Gum (Gingival) Grafting

Gum recession occurs when the bone and gum tissue around a tooth deteriorates.  Teeth are held in place by the jawbone with a layer of gum over the bone.  If you can see the root, the bone is gone as well as the gums.  While the gum loss is what is most visible, it is the bone loss around the tooth that is more important because this bone loss can endanger the tooth staying in your mouth if it becomes severe.

There are two kinds of soft tissue near teeth, a dense tissue that is tougher and makes a good seal against the root and bone, called attached keratinized tissue, and weaker, more elastic tissue called mucosal tissue.  When the stronger, keratinized tissue is gone, the mucosal tissue is the only thing left against the tooth and bone.  It can stretch away from the tooth and bone, letting bacteria infiltrate under it to irritate the bone and cause more bone loss.  When recession of the dense gum tissue occurs, the body loses a natural defense against bacterial penetration. 

In addition, the root of a tooth is made of a tissue called dentin, which is much softer than enamel.  If dentin is exposed by recession, it will wear at a faster rate, which can cause significant damage to the root.  It is also much more vulnerable to cavities, more sensitive to hot and cold temperatures, and the person may not like the appearance.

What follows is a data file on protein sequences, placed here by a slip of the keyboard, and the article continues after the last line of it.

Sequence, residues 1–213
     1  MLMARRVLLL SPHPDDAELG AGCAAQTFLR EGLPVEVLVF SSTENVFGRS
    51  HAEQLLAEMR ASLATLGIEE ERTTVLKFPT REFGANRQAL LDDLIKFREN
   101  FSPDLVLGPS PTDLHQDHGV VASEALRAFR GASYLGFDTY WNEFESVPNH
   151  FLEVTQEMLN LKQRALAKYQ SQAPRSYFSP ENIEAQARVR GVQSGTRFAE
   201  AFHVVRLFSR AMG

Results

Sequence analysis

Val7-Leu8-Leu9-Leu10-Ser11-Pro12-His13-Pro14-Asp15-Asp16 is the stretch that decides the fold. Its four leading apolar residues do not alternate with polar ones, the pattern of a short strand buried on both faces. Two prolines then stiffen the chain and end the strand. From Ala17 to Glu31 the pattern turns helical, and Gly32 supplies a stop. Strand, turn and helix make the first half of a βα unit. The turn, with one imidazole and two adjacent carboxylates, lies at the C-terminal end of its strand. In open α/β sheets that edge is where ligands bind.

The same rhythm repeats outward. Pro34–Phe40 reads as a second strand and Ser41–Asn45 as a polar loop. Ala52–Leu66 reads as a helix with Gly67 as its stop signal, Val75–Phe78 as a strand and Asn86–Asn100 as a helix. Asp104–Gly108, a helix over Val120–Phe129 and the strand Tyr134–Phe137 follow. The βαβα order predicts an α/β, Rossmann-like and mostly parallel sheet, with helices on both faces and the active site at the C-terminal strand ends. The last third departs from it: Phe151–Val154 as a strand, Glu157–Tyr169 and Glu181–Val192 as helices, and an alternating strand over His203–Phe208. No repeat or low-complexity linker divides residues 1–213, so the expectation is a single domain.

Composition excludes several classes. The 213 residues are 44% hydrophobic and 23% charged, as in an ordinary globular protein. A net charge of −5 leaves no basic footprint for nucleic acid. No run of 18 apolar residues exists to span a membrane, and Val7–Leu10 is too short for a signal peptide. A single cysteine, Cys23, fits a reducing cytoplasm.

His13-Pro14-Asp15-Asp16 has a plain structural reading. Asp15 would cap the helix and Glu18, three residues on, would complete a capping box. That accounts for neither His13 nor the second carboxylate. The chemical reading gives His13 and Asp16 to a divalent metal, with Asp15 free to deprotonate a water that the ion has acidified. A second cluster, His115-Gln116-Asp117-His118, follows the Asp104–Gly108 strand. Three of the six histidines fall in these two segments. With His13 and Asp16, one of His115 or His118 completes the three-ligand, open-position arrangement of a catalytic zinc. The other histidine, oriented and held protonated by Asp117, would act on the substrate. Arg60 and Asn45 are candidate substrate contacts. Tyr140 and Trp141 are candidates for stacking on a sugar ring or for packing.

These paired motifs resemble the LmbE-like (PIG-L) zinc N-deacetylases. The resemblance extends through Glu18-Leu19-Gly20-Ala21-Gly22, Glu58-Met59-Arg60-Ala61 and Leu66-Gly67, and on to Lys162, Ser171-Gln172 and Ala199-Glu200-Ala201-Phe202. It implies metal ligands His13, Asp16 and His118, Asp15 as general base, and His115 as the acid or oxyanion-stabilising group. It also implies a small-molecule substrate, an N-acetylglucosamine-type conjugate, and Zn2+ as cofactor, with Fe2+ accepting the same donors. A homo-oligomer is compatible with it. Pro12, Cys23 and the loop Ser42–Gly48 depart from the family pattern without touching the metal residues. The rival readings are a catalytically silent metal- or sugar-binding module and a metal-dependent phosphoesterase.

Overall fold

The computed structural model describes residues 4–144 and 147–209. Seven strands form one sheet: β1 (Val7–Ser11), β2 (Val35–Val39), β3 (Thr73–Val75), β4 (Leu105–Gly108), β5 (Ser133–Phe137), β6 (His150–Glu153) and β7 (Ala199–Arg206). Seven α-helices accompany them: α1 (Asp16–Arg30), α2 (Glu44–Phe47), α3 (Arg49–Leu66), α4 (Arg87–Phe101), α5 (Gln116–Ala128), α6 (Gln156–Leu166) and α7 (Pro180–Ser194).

When there is only minor recession, some healthy gingiva often remains and protects the tooth, so that no treatment other than modifying home care practices, such as adjusting brushing techniques or wearing a night guard, is necessary. However, when gum recession is a more serious threat to the health of the tooth, gum reconstruction using grafting techniques is an option.

Examples of before and after gingival grafting performed in our office:

Case 1:

Conventional Connective Tissue Graft, Initial and 8 week follow-up

Case 2: 

Connective Tissue Graft on multiple teeth using a tunnel technique,

Initial and 10 week follow-up

Case 3:

Free gingival graft, Initial and a 5 year follow-up

Case 4:

Connective Tissue Graft with a tunnel technique, Initial and 8 week follow-up

A gingival graft is designed to solve these problems. A thin piece of tissue is taken typically from the roof of the mouth to provide a stable band of attached keratinized gingiva around the tooth.  This makes a better seal against the tooth, preventing bacteria from getting under the gums and strengthening the area against wear and tear.  The gingival graft may be placed in such a way as to cover the exposed portion of the root.  Covering the root is another goal of treatment but sometimes is not possible, depending on how bad the recession is.  

The tissue on the roof of the mouth is very dense and an excellent choice to repair weak areas of the gums and bone.  It’s considered the “duct tape” of the mouth!   The tissue regrows on the roof of the mouth to the point where it’s possible to take another graft from the exact same spot after it’s done healing.

There are multiple techniques for gum grafts.  These include the epithelial, or free, gingival graft, the connective tissue graft, acellular dermal matrix (donor) graft, tunneling techniques, and more.  Not every technique fits every situation. We would be happy to talk about if grafting is actually needed in your case and what technique would be best.

Gum Grafting Overview

For a brief narrated overview of the gum grafting process, please click the image below. It will launch our educational MiniModule in a separate window that may answer some of your questions about gum grafting.

Gum Grafting Overview